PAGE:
When you have an imagination like Gareth Powell’s, you must write or paint or otherwise vent that imagination through art so your head won’t explode.
It’s the future; humankind is extinct, prey to the “Slow Plague,” an amalgam of all the ills flesh is heir to, “manifested in myriad diseases, lethal allergies, and physiological disorders.”
“an entertaining appetizer as fans await J. J. Abrams’ commandeering of the series with Episode VII: The Force Awakens . . .”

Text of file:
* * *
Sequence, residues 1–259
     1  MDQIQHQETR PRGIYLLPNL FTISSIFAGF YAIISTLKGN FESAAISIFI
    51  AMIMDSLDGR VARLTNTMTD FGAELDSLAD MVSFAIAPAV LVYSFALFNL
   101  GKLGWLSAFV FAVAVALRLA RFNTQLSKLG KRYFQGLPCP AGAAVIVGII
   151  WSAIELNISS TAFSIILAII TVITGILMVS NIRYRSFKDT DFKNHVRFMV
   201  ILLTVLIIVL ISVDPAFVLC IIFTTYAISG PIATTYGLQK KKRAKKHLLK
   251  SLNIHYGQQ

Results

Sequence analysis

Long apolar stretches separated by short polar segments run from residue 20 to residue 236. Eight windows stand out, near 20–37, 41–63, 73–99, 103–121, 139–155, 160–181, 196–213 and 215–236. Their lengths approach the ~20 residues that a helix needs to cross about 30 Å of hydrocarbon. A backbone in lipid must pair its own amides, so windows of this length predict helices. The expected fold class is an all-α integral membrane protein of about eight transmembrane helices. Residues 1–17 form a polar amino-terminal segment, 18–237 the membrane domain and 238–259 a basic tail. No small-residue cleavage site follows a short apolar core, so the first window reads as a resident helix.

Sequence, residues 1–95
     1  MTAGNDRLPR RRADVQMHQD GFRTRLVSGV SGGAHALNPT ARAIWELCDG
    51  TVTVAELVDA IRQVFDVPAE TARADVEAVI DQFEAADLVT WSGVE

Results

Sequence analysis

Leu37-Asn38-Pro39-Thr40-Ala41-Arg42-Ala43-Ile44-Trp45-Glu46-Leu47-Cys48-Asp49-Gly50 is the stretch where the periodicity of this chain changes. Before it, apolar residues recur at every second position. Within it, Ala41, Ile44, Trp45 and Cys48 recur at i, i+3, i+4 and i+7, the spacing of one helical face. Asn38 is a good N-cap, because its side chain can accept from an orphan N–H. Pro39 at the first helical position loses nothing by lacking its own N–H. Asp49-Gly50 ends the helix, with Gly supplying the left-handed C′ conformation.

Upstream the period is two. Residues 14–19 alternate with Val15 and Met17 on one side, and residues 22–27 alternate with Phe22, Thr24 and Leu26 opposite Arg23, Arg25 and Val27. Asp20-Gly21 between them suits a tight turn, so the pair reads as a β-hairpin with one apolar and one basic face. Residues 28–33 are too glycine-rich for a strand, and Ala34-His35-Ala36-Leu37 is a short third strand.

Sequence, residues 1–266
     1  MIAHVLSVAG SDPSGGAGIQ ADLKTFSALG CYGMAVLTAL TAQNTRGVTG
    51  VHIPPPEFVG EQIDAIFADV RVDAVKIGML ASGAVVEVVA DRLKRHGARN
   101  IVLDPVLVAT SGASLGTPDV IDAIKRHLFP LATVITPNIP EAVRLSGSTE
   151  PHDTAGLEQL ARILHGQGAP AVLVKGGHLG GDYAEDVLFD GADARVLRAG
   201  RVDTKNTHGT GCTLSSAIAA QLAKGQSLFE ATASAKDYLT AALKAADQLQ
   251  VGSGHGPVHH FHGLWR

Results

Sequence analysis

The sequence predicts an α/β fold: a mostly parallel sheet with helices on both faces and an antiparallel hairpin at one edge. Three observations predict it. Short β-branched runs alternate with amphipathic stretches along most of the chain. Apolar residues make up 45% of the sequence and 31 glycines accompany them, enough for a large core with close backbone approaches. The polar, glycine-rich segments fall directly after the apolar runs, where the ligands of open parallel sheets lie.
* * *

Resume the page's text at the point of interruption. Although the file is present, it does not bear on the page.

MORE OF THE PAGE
“Conjure is a sweet, adventure-packed romp for young teen readers.”
“. . . part family saga, part space opera, and part DaVinci Code thriller.”
“There is something flat about the story despite all the action. We move from scene to scene as if touring a number of set piece tableaux in a museum ride.
“One of the great pleasures of reading utopian sci-fi is that one sees the author play with wild and exciting possibilities, to present futures we might one day have to live, and to juxtapo
“. . . in his debut novel, Ernest Cline weaves a fascinating futuristic, semi-dystopian tale of our world 30 years in the future. . . .